1 [pol-uh-see]
noun, plural policies.
a definite course of action adopted for the sake of expediency, facility, etc.: We have a new company policy.
a course of action adopted and pursued by a government, ruler, political party, etc.: our nation's foreign policy.
action or procedure conforming to or considered with reference to prudence or expediency: It was good policy to consent.
sagacity; shrewdness: Showing great policy, he pitted his enemies against one another.
Rare. government; polity.

1350–1400; Middle English policie government, civil administration < Middle French < Latin polītīa polity

1. strategy, principle, rule. 4. acumen, astuteness, skill, art.

4. ingenuousness, naiveté.
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2 [pol-uh-see]
noun, plural policies.
a document embodying a contract of insurance.
a method of gambling in which bets are made on numbers to be drawn by lottery.
numbers pool ( def 2 ).

1555–65; < Middle French police (< Italian polizza < Medieval Latin apodīxa receipt ≪ Greek apódeixis a showing or setting forth; see apodictic, -sis) + -y3

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Based on the Random House Dictionary, © Random House, Inc. 2014.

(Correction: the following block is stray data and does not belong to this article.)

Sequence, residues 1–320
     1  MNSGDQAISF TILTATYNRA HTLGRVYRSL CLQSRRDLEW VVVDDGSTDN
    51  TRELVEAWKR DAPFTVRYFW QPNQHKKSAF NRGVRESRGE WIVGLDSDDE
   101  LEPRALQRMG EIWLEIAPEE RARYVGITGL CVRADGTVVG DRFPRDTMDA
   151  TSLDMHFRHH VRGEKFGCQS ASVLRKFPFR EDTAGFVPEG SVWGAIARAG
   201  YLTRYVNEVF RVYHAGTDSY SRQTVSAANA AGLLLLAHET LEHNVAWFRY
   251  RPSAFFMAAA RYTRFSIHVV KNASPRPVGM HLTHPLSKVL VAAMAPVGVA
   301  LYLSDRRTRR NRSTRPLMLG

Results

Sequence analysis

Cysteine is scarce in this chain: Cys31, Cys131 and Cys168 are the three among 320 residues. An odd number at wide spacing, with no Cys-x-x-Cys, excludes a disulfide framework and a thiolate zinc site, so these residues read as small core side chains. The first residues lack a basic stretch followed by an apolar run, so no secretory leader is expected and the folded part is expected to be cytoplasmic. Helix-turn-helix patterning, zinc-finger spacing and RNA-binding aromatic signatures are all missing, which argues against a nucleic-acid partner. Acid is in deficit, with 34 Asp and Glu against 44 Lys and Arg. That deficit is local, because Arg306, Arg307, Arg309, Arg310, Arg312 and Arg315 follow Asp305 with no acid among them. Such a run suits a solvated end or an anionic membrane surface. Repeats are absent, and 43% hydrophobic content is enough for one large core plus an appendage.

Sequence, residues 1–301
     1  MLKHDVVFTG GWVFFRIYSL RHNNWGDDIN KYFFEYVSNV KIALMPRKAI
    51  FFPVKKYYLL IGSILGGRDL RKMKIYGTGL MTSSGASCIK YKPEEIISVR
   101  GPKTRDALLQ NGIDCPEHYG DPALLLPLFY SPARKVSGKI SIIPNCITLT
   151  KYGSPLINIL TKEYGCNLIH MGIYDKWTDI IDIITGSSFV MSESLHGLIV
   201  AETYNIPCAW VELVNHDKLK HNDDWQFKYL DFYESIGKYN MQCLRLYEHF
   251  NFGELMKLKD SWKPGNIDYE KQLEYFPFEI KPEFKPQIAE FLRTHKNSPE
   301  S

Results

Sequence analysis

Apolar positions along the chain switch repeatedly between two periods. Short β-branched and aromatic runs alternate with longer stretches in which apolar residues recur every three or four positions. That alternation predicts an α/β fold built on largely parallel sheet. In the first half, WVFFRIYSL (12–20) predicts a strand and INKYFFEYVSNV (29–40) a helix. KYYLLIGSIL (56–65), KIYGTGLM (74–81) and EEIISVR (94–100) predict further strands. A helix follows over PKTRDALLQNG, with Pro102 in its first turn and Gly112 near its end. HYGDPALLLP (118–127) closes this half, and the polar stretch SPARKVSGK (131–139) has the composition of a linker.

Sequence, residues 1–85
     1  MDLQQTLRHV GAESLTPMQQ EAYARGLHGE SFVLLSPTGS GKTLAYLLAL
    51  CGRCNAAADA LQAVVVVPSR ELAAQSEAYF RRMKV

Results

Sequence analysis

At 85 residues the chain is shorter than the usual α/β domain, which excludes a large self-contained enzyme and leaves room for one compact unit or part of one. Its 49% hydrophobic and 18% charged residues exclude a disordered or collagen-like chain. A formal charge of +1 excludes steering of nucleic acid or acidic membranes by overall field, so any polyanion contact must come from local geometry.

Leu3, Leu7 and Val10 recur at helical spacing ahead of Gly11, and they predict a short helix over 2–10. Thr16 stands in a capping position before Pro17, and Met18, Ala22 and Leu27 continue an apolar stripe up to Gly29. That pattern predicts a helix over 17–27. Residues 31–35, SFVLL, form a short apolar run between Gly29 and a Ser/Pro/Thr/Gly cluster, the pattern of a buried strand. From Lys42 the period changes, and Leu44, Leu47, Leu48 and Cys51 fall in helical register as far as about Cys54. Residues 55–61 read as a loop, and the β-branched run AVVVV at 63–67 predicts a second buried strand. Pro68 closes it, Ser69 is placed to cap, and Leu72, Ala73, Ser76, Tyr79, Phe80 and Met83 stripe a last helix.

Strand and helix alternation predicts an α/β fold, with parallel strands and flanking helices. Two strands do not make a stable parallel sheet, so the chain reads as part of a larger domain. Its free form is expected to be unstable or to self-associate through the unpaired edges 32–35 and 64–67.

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World English Dictionary
policy1 (ˈpɒlɪsɪ)
n , pl -cies
1.  a plan of action adopted or pursued by an individual, government, party, business, etc
2.  wisdom, prudence, shrewdness, or sagacity
3.  (Scot) (often plural) the improved grounds surrounding a country house
[C14: from Old French policie, from Latin polītīa administration, polity]

policy2 (ˈpɒlɪsɪ)
n , pl -cies
a document containing a contract of insurance
[C16: from Old French police certificate, from Old Italian polizza, from Latin apodixis proof, from Greek apodeixis demonstration, proof]

Collins English Dictionary - Complete & Unabridged 10th Edition
2009 © William Collins Sons & Co. Ltd. 1979, 1986 © HarperCollins
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Word Origin & History

"way of management, government, administration," late 14c., from O.Fr. policie (14c.) "civil administration," from L. politia "the state," from Gk. politeia "state, administration, government, citizenship," from polites "citizen," from polis "city, state," from PIE *p(o)lH- "enclosed space, often on
high ground" (cf. Skt. pur, puram "city, citadel," Lith. pilis "fortress"). Meaning "plan of action, way of management" first recorded c.1406.

"written insurance agreement," 1565, from M.Fr. police "contract, bill of lading" (1371), from It. polizza "written evidence of a transaction," from M.L. apodissa "receipt for money," from Gk. apodexis "proof, declaration," from apo- "off" + deiknynia "to show," cognate with L. dicere "to tell" (see
Online Etymology Dictionary, © 2010 Douglas Harper
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Example sentences
If we had better policy we wouldn't need to deal with cable boxes at all.
She likes the new policy.
Reports and policy analyses addressing key issues in the debate on climate
One reason Rome flourished as long as it did was that public policy was
  determined by signs and portents.
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